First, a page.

In 2012, Cleveland embarked on a plan to improve education by making high-quality early education available and affordable for all families; creating a selection of high-performing schools in each neighborhood; and developing systems to help high school graduates succeed in college or careers. That year, voters passed a levy that raised school taxes by nearly 40 percent to pay for this plan, ultimately adding about $60 million a year to the school district’s budget of about $725 million. Officials gave themselves till 2016 to show progress. There have been some improvements, such as new schools and higher graduation rates, but there is still a long way to go. Now, officials are hoping that the gains they’ve made will persuade voters to renew the levy and buy them four more years of increased funding and time to fix the schools.

In the interest of full disclosure, in a previous life I was an advisor to the city in their early days of developing the plan. Cleveland is one of a small number of cities attempting massive improvement outside of any particular education policy orthodoxy, so it's worth watching whether they can sustain the energy and attention through consistent, measurable progress. Gosh, how boring would THAT be?


 District Administrator magazine looked at the implementation of the Common Core in early adopting states:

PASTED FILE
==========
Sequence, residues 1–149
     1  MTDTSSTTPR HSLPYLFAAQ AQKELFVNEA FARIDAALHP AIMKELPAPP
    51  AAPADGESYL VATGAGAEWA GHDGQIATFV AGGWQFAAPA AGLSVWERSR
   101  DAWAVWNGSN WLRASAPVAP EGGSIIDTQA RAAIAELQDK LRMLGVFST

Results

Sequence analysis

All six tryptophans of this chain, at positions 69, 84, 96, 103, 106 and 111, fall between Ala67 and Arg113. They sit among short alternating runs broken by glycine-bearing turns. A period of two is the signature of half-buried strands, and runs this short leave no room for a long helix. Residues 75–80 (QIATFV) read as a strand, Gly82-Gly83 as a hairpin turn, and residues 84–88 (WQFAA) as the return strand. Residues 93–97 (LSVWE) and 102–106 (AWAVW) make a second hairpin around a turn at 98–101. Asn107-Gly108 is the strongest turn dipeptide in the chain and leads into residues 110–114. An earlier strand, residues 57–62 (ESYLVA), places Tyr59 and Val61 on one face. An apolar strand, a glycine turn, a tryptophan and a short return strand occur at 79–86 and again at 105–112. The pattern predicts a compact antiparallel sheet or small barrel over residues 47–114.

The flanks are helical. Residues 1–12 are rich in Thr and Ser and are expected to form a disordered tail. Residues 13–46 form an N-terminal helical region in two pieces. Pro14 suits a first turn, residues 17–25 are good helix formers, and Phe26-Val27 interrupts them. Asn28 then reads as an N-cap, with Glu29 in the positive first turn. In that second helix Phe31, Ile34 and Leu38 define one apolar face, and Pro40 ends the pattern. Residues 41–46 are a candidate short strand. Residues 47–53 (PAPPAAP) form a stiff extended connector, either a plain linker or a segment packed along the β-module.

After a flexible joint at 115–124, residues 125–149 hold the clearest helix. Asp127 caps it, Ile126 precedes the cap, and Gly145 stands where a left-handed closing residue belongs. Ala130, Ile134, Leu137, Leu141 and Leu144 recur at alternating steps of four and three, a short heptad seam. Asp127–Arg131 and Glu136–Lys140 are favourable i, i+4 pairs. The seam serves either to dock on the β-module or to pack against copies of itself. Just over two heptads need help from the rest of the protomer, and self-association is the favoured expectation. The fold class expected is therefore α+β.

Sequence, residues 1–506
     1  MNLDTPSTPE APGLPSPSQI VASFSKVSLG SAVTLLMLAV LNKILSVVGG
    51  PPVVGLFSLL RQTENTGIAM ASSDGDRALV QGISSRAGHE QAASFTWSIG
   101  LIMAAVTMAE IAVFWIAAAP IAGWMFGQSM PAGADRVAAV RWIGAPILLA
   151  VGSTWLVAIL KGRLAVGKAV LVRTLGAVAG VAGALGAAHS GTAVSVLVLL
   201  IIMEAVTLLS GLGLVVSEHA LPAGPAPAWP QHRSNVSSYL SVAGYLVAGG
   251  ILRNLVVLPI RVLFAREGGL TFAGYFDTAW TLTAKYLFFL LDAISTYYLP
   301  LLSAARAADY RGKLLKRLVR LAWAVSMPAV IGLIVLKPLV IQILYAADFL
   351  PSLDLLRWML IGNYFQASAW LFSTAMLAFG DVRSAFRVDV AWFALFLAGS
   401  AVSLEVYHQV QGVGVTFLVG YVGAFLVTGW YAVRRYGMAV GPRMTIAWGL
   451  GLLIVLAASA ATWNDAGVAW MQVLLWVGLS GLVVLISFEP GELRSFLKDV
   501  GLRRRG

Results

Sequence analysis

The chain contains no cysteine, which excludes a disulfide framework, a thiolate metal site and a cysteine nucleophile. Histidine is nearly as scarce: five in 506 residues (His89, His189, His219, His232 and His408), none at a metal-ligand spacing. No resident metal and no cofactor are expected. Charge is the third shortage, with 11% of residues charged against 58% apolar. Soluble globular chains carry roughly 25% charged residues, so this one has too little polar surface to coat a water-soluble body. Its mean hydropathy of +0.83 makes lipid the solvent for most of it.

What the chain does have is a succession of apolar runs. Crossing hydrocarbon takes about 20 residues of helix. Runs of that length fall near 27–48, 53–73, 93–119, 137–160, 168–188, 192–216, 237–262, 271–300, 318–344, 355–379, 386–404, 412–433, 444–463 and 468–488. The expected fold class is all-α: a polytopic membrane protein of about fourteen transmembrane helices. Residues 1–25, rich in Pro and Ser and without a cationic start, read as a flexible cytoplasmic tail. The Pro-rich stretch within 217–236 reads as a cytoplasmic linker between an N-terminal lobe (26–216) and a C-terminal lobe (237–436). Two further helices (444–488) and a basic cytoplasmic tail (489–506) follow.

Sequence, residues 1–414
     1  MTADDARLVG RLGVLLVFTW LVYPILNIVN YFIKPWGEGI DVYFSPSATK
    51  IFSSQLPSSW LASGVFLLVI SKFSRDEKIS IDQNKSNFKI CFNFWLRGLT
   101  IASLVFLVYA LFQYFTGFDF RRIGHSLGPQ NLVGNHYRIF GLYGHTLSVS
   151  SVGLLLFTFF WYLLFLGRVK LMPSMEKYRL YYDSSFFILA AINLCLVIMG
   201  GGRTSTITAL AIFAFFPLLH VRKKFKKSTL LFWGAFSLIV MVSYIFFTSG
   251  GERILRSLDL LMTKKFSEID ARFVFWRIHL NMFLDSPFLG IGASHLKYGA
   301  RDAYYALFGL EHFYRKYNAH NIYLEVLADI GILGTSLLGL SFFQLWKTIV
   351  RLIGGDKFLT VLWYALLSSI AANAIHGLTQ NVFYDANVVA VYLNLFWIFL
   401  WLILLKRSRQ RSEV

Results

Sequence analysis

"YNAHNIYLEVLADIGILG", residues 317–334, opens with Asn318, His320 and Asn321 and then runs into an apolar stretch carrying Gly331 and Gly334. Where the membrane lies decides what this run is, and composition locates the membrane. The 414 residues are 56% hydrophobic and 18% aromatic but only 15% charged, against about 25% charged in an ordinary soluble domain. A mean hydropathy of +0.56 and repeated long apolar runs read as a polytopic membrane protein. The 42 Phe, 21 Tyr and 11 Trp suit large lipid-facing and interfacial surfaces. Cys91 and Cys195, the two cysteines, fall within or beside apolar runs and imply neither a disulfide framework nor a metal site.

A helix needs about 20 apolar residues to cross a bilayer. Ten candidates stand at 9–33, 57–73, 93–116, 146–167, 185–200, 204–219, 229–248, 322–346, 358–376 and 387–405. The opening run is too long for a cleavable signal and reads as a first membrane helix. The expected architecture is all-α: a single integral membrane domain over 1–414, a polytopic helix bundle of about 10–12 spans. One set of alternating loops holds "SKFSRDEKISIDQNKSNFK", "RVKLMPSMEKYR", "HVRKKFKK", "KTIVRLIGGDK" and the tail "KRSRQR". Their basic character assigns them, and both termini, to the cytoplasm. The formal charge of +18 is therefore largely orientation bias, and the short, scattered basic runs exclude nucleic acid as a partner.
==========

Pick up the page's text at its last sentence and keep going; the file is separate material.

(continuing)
In Kentucky, the first state to adopt the standards in 2010, student achievement has improved overall. In Tennessee, another 2010 adopter, fewer students need remediation, [Adam] Ezring says. However, the number of states that have left the PARCC and Smarter Balanced testing consortia does not bode well for the future of the standards, says Tom Loveless, senior fellow of governance studies at the Brown Center on Education Policy at the Brookings Institute.

This is frustrating news, because the states that have been implementing the standards the longest are improving, but participants keep dropping like flies. It will be interesting to see how states like Indiana, South Carolina, and New Jersey, who adopted similar standards but under a different name, perform. Teacher preparation standards also are important to improve, and this new report from the National Center on Education and the Economy looks at international comparisons in teacher preparation. Spoiler alert: the United States is lagging: